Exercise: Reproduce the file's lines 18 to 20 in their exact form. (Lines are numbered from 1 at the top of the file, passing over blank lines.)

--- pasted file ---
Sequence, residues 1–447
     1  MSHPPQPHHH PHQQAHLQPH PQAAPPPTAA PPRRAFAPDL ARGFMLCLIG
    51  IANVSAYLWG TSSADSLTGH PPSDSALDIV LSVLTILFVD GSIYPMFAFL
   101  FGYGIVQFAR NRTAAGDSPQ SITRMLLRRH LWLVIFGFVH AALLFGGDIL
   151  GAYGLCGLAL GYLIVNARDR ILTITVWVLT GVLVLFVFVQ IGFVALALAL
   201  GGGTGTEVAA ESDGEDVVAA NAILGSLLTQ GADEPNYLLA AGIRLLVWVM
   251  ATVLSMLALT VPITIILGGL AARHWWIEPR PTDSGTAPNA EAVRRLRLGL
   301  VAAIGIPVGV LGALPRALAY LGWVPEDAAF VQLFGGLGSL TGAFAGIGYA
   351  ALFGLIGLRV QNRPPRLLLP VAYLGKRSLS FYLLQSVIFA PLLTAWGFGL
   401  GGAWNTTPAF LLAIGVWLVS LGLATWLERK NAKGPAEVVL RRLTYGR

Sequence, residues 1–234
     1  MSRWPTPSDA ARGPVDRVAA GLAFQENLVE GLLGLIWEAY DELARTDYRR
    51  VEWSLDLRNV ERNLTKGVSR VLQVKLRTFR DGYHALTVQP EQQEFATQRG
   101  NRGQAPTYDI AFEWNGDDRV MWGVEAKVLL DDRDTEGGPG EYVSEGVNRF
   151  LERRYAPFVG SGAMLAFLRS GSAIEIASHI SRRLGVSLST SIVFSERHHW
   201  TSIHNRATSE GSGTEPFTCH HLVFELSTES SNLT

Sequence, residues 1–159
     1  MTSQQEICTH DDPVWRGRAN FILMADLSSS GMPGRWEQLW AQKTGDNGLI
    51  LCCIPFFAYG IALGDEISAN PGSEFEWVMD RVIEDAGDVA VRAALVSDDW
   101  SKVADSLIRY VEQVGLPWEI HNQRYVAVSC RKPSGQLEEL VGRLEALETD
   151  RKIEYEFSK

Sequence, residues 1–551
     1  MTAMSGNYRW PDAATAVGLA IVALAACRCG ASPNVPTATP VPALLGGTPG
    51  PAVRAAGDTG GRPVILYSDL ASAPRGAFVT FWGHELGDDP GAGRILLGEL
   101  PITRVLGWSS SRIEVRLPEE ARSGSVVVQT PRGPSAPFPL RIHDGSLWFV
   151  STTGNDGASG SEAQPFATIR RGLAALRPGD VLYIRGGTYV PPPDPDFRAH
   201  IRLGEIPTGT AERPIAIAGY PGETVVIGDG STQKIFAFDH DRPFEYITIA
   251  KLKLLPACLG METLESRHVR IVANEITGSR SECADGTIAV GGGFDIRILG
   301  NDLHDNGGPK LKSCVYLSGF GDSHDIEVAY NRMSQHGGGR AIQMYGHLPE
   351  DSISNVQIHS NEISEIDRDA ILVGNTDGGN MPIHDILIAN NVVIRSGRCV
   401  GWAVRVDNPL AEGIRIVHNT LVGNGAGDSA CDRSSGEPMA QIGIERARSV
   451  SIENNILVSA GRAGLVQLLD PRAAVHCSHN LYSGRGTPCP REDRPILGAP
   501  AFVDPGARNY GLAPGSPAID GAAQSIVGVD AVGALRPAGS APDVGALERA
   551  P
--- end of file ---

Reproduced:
     1  MTSQQEICTH DDPVWRGRAN FILMADLSSS GMPGRWEQLW AQKTGDNGLI
    51  LCCIPFFAYG IALGDEISAN PGSEFEWVMD RVIEDAGDVA VRAALVSDDW
   101  SKVADSLIRY VEQVGLPWEI HNQRYVAVSC RKPSGQLEEL VGRLEALETD